The Court reviewed at length the scientific theory underlying the use of DNA evidence and the techniques used to obtain the evidence. The Court applied its Wheeler analysis. The Court said in a footnote: “Wheeler is consistent with Daubert… The reasoning and guidelines of which we find helpful and illuminating.”(264) The Court said the trial justice properly admitted the DNA evidence and agreed with him that the “methods used to determine the statistical probabilities of a match derived from DNA analysis affect the weight to be accorded DNA evidence, not the admissibility of the evidence itself, and the determination of that weight is a question for the jury.”(265) The Court went on to say:
We can conclude, therefore, that provided a defendant is afforded the opportunity to cross examine the experts, to question the validity of their conclusions, and to disclose the potential weaknesses of the preferred DNA analyses, the results of such analyses may be presented to the jury.(266)
The Court observed that in preserving and testing DNA evidence it was “crucial” that police and scientists carefully attend and handle the samples to defend chain of custody issues and to prevent mislabeling and contamination.(267) Finally, the Court said it was “critical” that the laboratory carrying out the DNA analysis have a demonstrated record of proficiency and quality control.(268)
In Kelly v. Marcantonio,(269) the court considered whether repressed recollections constitute an unsound mind disability which under R.I.G.L. §9-1-19, would toll the running of the statute of limitations. Justice Bourcier wrote for the Court that on a case by case basis the trial justice could decide that the plaintiff’s repressed recollection could toll the statute after hearing medical or scientific testimony.(270) Judge Bourcier noted repressed recollection had numerous “advocates and dissenters, believers and nonbelievers.”(271) Citing State v. Wheeler, the Court said the expert testimony must be of substantial probative value.(272) More specifically, the judge must decide whether the repressed recollection “constitutes scientifically accepted and valid theory.”(273) This dictum indicates the Supreme Court may want novel scientific testimony to meet both the general acceptance standard as well as criteria akin to the other three Daubert factors.
Most recently in State v. Quattrochi, (274)the Supreme Court held that Justice Bourcier erred as a Superior Court judge in failing to hold a preliminary hearing outside the presence of the jury on the admissibility of repressed recollection. The defendant was convicted of two counts of sexual assault. The nineteen year old victim testified that she had flashbacks recollections of defendant molesting her as a child. Judge Bourcier permitted a psychologist to testify that the victim had suffered post-traumatic stress disorder from these incidents resulting in repression of her recollection of them. Chief Justice Weisberger reviewed the numerous academic articles and judicial opinions critical of expert testimony on repressed and hypnotically refreshed recollection. The court said that it would not rule on the reliability and admissibility of the expert testimony.(275)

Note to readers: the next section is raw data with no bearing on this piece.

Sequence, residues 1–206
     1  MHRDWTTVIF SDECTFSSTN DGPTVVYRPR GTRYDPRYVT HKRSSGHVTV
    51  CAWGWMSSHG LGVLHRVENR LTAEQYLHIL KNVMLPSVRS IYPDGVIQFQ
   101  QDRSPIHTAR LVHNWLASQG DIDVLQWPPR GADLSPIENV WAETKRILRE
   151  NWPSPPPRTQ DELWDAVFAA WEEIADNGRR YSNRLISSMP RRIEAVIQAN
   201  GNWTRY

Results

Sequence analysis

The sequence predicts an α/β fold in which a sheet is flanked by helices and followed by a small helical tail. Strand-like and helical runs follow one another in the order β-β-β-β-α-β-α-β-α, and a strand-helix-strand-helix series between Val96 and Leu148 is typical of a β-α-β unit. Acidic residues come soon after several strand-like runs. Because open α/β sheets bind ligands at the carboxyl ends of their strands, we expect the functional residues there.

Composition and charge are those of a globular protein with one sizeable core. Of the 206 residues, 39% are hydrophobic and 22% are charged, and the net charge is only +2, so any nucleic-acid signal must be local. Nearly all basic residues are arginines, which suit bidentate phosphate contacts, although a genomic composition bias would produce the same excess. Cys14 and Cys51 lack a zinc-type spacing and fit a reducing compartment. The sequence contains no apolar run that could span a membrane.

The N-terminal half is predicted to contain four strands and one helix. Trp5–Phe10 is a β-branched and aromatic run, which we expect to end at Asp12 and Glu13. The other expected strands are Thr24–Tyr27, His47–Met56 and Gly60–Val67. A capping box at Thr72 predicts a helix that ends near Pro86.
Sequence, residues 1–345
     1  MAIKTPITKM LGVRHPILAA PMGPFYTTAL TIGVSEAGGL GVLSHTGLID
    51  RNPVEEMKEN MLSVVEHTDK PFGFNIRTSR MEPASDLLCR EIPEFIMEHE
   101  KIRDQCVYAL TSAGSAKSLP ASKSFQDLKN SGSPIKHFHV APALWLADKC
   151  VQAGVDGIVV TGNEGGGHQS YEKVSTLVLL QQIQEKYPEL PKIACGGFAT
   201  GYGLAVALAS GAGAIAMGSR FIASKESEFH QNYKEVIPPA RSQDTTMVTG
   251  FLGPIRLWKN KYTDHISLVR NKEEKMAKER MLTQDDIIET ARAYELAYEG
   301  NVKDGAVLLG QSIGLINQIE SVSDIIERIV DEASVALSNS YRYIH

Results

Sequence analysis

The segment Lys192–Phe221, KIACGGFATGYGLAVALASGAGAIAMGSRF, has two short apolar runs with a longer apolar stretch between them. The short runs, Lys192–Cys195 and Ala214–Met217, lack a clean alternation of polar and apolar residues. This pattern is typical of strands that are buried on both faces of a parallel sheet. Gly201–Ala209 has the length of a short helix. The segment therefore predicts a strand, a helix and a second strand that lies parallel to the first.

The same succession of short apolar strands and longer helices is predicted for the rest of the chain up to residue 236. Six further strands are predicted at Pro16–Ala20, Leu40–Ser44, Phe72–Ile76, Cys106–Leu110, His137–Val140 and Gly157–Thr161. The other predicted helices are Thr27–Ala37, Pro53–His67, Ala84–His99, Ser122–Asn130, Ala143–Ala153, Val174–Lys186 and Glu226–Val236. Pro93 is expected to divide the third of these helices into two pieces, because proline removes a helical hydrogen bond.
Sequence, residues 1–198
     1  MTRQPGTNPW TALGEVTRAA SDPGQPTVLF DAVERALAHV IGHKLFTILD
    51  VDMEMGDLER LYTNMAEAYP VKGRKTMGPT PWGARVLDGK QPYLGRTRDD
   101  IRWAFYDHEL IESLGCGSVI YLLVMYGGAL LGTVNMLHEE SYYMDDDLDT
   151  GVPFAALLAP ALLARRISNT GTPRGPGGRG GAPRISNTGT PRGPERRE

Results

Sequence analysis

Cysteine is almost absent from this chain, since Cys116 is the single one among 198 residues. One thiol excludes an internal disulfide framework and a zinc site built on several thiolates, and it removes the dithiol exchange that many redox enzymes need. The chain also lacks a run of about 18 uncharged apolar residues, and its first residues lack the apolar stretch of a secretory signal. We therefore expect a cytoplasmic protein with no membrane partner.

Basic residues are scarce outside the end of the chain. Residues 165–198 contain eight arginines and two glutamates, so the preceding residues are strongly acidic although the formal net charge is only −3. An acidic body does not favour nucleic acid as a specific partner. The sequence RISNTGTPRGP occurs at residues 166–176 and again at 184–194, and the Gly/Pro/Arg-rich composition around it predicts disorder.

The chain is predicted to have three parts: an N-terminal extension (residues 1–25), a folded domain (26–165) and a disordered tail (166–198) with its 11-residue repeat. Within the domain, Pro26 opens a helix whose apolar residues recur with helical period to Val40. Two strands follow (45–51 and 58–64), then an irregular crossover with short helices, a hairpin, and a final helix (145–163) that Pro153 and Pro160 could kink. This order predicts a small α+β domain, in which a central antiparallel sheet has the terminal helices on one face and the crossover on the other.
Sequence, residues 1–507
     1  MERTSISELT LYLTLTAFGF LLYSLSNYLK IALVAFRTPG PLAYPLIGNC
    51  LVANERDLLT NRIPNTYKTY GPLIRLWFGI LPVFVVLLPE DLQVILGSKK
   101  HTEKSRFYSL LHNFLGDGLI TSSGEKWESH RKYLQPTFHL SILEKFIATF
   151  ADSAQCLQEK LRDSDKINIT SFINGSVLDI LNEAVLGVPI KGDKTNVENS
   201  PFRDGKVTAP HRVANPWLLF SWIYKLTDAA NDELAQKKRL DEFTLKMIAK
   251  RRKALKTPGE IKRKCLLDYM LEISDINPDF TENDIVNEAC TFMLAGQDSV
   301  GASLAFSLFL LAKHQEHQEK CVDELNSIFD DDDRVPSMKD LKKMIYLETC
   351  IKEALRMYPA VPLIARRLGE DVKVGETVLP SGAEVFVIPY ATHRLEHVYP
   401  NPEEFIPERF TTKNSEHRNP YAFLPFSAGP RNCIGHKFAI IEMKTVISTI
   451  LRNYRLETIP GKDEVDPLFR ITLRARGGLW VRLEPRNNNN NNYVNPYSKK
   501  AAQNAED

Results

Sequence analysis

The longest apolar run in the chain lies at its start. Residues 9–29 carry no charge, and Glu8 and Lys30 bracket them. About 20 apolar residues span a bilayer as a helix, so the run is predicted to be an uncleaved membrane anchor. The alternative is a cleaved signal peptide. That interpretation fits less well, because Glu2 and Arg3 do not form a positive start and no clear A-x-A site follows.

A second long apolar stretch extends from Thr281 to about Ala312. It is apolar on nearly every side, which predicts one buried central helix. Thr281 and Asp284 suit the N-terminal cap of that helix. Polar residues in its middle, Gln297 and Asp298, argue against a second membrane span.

However, the court did state that when such testimony is offered in a criminal or civil trial:
the trial justice should exercise a gatekeeping function and hold a preliminary evidentiary hearing outside the presence of the jury in order to determine whether such evidence is reliable and whether the situation is one on which expert testimony is appropriate.(276)
Chief Justice Weisberger then referred to Daubert as a “landmark case”(277) and listed the four factors the United States Supreme Court set forth to guide the admissibility of expert testimony. Interestingly, he then notes:
Our citing [Daubert] does not indicate that this court has abandoned the test enunciated in [Frye] as analyzed in [Wheeler] and applied in [Dery]. We shall leave to a later day the emphasis to be placed on general acceptance as set forth in both Frye and Daubert as opposed to the three other factors set forth in Daubert.(278)
Over Justice Flanders’ dissent, the Court held that under Rule 104(c) the trial courts must hold the preliminary hearing outside the presence of the jury.(279) It said that any motion to exclude or suppress evidence in a criminal case is sufficient to trigger the right to a preliminary hearing to determine admissibility.(280)
Justice Flanders agreed that the “better practice” may be to hold a hearing on the admissibility of novel scientific evidence outside the presence of the jury.(281) However, he observed the defendant had not requested such a hearing, choosing to rely on legal memorandum and accordingly, had waived whatever rights he had to the hearing.(282)
Thus, in Rhode Island our Supreme Court had imposed the gatekeeper responsibility on trial courts long before the United States Supreme Court. Our version of Rule 705 codifies and reinforces that responsibility. However, the question of whether the Frye or Daubert standard will govern admissibility of scientific evidence is much less clear. There are decisions in which our Supreme Court relies exclusively on the general acceptance test and others in which it variously applies tests akin to the other Daubert factors. For example, in State v. Nagle the court observed an expert’s opinion must be objectively verifiable. In Seitz v. L & R Industries, the court criticized expert testimony which referred to no professional standards. In State v. Wheeler, the purported existence of known error rates supported admission of the expert opinion. There are decisions in which the court applies Rule 702 alone in deciding the issues and others in which it relies only on Rule 403. Most recently, the Court has referred approvingly to Daubert while deferring whether to replace general acceptance with the new multifactor test.